April is National Financial Literacy Month – and we are suggesting some changes. Americans are in need of financial education and coaching, and the goal should be more than basic literacy, it should be financially empowering our communities. People are struggling with economic hardships caused by new and ongoing forms of inequity: pay and benefit gaps for women and people of color, racial and gender wealth gaps, generational poverty, and pandemic-related expenses and job losses. Low-income families have also been hit the hardest by general inflation and recent sticker shock on basic necessities like groceries and gas.
Although financial education can’t predict or prevent an economic crisis, it does help individuals, families, and communities weather difficult times with more resilience and less stress. Understanding money management can help anyone improve their economic situation and prepare for a brighter future regardless of their income level. Here’s why financial education matters and what you should keep in mind during this financial literacy month.
Why Is Financial Education Important?
Today, two thirds of American adults cannot pass a basic financial literacy test; nearly half can’t cover a minor emergency, and a third have no money saved for retirement. This means that much of the US population may be at serious economic risk now or later in their lives. Providing all Americans with financial education in grade school, the workplace, and communities will help improve economic security for everyone. This leads to many important and lasting benefits:
- Improved financial wellness for everyone, now and in the future. Children are capable of learning about money management from a very young age, and financial literacy can prepare them for everything from saving up for a gaming console to saving up for college. Later, it helps adults manage budgets, build savings, establish good credit, and invest funds wisely so they can make major purchases and life plans. Financial education lets people retire comfortably and provide for loved ones’ futures.
- Ways to break the cycle of generational poverty. Low-income families often don’t have education in financial wellness practices to pass to their children. Because related education isn’t currently part of most grade school curricula, such children are left to their own devices. Understanding money matters helps families plan and pay for major and minor life expenses regardless of their income level while continuously building wealth. This helps them pass both wealth and money management skills to future generations.
- Increased likelihood that young people will attend college. Children whose parents create college savings accounts are three times more likely to go to college and four times more likely to graduate. Given that most high-quality jobs today require a bachelor’s degree, it’s essential that parents and caregivers open and contribute to these accounts as early as possible in their children’s lives. Ensuring that children are financially literate at a young age will also help them avoid student debt problems.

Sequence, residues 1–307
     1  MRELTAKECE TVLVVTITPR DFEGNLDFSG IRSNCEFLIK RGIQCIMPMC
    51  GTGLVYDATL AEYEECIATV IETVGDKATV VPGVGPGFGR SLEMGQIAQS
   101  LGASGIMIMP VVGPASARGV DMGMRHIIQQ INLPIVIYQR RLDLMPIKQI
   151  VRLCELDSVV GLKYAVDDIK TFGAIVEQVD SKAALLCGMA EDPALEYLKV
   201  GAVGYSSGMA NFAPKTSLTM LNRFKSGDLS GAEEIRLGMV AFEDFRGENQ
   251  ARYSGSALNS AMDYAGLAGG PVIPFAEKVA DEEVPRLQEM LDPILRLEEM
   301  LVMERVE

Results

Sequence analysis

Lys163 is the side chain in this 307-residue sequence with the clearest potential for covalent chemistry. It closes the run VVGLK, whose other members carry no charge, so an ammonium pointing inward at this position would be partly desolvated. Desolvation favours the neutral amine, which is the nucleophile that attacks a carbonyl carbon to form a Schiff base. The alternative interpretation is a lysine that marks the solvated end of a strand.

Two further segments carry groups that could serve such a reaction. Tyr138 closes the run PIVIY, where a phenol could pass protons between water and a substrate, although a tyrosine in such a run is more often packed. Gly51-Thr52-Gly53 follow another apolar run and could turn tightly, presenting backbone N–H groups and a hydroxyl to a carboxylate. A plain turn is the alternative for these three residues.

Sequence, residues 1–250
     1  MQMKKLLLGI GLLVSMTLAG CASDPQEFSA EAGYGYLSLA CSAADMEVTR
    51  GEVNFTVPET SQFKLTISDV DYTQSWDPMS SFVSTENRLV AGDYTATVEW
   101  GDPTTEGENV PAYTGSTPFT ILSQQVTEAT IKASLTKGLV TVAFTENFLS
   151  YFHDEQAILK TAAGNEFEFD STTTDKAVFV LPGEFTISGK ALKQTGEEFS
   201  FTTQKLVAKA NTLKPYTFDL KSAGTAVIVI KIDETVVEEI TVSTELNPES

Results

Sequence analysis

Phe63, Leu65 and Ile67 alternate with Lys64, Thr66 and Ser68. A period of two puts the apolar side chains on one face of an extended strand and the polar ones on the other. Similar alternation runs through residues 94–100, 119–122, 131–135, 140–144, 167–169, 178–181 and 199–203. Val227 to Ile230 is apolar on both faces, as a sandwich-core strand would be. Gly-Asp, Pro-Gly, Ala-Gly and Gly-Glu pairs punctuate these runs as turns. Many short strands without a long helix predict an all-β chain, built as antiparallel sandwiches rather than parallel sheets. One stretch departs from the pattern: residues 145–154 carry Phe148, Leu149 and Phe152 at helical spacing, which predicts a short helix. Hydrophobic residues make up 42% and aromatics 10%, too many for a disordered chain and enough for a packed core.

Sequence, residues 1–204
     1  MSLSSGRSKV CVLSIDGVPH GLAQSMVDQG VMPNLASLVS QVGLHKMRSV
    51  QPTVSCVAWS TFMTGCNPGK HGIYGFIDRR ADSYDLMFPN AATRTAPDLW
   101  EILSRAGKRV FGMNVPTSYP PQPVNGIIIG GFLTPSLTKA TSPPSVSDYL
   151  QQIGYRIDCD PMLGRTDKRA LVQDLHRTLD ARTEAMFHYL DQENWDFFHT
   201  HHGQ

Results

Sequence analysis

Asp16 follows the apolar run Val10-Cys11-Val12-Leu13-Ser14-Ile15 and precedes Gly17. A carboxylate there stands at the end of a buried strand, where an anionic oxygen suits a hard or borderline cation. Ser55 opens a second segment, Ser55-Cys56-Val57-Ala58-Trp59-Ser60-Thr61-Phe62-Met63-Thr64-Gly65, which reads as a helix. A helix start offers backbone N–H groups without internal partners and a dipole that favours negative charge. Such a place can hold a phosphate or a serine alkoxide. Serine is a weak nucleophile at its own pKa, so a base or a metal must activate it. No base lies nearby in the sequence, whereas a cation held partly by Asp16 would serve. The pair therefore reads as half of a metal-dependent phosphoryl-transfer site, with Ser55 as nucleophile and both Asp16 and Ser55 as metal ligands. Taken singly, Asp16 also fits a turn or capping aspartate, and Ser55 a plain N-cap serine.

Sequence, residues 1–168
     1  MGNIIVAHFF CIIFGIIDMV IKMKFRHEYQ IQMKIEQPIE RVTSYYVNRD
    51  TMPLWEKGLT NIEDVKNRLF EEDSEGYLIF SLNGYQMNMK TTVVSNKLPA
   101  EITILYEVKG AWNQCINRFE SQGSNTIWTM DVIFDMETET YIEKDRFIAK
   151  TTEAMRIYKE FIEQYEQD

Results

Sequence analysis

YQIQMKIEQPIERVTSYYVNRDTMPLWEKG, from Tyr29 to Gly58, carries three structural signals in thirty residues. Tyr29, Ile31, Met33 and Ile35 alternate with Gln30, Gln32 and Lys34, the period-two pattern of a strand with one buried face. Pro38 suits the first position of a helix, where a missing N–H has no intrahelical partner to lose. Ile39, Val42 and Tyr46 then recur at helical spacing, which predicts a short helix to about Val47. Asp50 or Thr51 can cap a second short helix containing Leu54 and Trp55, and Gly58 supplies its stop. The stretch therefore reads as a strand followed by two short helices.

- Reduced wealth gaps for improved social and economic justice. Providing high-quality financial education in schools and communities leads to better money management for historically disadvantaged groups who need it most. Today, women and people of color continue to experience systemic pay and wealth gaps compared to White men. Until this is no longer the case, well-informed financial management and planning are essential to mitigating that loss for these groups as much as possible.
- Increased financial independence. People who understand how to manage their finances are less likely to rely on loans from family members and high-interest predatory lenders; women are less likely to rely on male breadwinners. Financial education makes people less susceptible to scams and risky investments, and it offers more resources in difficult times. Being financially stable and independent reduces stress, and it sets a good example for everyone around an economically stable individual.
- Healthier, more prosperous communities. When every individual is financially educated and able to manage wealth effectively, the communities they live in benefit as well. A more educated local workforce leads to food security, home purchases, fewer neighborhood foreclosures, the launch and success of more small businesses, and lower crime rates. The more communities thrive, the more they attract outside businesses and homeowners that will continue to boost their economic health.
- Is an essential tool during an economic crisis. In a 2020 survey, 88% of Americans said they suffered increased financial stress because of the pandemic. Layoffs, reduced work hours, hospitalizations, childcare needs, and more led to significant pocketbook strain. Financial literacy education offers tools that help individuals and businesses become more resilient during and after economic crises.
Until financial wellness becomes part of standard school and workplace education in the US, communities are in immediate need of financial education initiatives and programs. Much as supplying free COVID-19 vaccines protects public health, so education in money matters can protect community wealth. Educators, employers, financial counselors, banks, credit institutions, and nonprofit organizations can all help to provide this essential service to the people they serve.